Two years after mass terminations, Citra Mina workers determined to struggle for their rights

16.11.15 Feature
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Two years ago the Citra Mina Group of Companies, among the largest tuna exporters in General Santos, the Philippines, terminated 234 workers for exercising their human right to form a trade union. With the support of SENTRO, the ITF and IUF the union successfully mobilized community support to challenge an unsustainable, unethical tuna industry. In the 24 months since the unfair termination of union leaders and members, the campaign for "Worker Safe" tuna has seen the struggle for reinstatement become a struggle for the future of the tuna industry itself.


On November 13 union members and their families marked the second anniversary of their struggle by marching 18 kilometres from the Citra Mina factory to offices of the Mayor of General Santos at City Hall.

The rescue of 43 fishing vessel workers abandoned by Citra Mina in Indonesia exposed the company's blatant disregard for human life. Only through union intervention and the support of the IUF could the fishing workers return home to their families. As part of the "Worker Safe" campaign the union secured a government livelihood grant for the returned fishing workers to build training boats and to support their families.

Citra Mina's view that workers are disposable was further exposed by reports released to the media showing that 17 fishing vessel workers remain "missing" after Citra Mina refused to take responsibility for their deaths at sea.

Congressional hearings in Manila in March 2015 exposed the abusive employment practices and rights violations at Citra Mina, drawing national and international media attention and compelling government authorities at both national and local level to intervene to resolve this crisis. Citra Mina has fewer and fewer political allies as both elected politicians and other tuna companies realize that Citra Mina's actions have seriously damaged the reputation of the industry in General Santos, the "tuna capital" of the Philippines.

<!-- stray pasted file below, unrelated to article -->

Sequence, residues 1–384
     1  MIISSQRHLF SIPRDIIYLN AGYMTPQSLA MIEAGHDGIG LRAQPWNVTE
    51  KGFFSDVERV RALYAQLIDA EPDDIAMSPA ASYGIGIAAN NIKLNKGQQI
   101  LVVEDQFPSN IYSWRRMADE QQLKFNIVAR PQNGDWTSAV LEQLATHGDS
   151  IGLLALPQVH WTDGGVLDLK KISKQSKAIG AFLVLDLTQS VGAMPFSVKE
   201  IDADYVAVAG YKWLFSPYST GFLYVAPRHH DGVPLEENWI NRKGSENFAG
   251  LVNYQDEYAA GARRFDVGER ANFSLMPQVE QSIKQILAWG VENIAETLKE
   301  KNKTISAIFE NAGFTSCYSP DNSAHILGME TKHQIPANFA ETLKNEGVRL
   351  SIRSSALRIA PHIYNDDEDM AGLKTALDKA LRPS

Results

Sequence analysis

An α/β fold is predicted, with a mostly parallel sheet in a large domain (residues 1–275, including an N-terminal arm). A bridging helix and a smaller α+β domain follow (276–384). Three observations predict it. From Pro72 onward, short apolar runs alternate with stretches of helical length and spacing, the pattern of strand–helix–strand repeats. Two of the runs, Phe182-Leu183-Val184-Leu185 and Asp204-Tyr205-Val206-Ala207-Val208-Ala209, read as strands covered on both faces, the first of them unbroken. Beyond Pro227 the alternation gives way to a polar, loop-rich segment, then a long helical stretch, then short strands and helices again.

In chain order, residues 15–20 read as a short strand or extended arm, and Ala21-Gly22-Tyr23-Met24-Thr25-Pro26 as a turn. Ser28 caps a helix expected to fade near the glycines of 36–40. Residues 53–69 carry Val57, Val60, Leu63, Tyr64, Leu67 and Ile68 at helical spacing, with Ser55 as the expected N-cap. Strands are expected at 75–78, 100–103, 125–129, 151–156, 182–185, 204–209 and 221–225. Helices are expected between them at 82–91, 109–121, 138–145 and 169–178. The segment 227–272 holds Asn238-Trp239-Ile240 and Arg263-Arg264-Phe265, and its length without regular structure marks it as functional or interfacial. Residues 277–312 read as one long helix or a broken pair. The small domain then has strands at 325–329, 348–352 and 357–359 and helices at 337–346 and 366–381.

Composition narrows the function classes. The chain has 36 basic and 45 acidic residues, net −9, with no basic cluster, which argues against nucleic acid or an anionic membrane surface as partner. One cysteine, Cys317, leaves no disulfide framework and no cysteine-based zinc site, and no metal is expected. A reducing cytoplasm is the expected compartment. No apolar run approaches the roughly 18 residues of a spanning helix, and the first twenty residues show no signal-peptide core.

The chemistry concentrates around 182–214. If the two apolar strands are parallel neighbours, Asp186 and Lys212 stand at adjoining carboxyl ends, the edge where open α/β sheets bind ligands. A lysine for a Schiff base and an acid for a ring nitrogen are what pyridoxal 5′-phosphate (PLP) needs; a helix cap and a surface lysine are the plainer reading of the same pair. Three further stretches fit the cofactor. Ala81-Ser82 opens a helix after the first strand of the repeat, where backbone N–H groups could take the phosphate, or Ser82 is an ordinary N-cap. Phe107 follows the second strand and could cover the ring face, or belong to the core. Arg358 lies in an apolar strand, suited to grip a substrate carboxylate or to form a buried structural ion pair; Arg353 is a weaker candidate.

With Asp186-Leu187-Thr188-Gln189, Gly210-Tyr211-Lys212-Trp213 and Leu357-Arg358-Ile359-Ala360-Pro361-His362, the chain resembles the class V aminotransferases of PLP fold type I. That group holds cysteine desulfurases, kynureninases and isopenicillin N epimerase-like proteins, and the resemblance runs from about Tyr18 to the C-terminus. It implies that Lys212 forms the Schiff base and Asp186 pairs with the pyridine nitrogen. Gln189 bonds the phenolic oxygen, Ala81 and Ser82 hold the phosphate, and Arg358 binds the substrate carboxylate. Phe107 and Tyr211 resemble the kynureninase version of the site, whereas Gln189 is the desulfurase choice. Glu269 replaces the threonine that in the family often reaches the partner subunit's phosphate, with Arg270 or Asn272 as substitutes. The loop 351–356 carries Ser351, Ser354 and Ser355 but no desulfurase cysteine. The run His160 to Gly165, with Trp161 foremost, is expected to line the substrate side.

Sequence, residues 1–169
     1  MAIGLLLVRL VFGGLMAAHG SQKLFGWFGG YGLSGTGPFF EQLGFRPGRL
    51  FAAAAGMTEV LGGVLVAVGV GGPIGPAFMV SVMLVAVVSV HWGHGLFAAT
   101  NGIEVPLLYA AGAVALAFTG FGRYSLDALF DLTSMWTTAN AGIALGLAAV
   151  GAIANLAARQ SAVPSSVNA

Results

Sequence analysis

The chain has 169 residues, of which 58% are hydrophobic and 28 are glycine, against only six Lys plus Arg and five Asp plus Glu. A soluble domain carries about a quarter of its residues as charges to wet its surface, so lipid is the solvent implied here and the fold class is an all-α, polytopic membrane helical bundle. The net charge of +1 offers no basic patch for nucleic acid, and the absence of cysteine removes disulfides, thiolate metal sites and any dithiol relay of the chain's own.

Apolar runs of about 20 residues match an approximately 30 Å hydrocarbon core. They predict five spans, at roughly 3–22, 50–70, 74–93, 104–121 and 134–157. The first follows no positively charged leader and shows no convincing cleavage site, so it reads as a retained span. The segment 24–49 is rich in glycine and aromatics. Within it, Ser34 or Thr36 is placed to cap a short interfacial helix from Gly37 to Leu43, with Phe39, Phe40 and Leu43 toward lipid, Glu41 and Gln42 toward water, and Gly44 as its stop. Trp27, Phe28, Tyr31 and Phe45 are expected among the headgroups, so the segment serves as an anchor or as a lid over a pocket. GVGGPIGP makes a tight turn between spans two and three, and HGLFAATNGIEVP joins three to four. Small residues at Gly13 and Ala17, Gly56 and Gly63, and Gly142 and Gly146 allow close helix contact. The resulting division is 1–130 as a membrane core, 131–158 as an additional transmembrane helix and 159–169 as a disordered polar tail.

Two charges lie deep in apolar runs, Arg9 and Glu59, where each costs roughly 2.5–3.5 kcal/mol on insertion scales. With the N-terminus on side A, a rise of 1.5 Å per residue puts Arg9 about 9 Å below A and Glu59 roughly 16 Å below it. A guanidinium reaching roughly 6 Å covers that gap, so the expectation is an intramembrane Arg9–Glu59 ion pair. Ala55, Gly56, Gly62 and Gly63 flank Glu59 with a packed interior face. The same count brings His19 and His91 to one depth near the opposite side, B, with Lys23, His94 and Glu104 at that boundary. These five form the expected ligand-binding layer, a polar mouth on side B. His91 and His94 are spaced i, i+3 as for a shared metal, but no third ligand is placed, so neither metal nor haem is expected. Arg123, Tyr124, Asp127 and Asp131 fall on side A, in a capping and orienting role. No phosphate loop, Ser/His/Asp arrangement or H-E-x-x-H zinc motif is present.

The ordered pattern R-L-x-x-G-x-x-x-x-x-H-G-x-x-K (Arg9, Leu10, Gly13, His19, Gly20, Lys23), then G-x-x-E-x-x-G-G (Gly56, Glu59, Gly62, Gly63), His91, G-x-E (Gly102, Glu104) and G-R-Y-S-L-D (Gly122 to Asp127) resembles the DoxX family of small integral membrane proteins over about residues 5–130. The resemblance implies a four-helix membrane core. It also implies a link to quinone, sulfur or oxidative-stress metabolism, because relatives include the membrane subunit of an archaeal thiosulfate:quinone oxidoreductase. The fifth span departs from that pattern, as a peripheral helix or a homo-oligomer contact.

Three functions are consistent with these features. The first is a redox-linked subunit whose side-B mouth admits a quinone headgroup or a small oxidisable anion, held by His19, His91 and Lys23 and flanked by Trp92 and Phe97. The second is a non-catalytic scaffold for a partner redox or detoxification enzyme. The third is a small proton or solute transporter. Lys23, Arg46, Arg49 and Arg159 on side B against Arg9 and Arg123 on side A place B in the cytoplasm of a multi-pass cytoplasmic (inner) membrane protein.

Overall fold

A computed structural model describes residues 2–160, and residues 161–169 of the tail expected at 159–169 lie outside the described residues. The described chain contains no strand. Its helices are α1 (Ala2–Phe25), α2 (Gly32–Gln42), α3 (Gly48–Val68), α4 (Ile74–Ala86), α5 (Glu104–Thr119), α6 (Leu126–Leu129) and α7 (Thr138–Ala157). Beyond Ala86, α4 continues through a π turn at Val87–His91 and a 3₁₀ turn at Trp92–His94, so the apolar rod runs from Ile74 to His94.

The public hearing on employment conditions in the tuna industry was held for the first time in General Santos on August 10, 2015. As a testament to the importance of this issue for the community more than 1,200 people attended the hearing, overflowing outside the meeting room which could only fit 500. The terminated union leaders and members attended as well as rescued  fishing vessel workers and their families. The demand for "Worker Safe" tuna and sustainable fisheries is not just a slogan but a call for the comprehensive transformation of the fisheries industry to ensure that respect for human rights and sustainable jobs are integral to the sustainability of the fisheries industry.

As testament to the courage and determination of the Citra Mina workers union membership has more than doubled in the past two years despite brutal conditions and the repressive actions of management. Citra Mina workers had even more to celebrate on the second anniversary of the campaign for justice at Citra Mina when the Bureau of Labour Relations announced it will reverse an earlier decision to cancel the union's registration.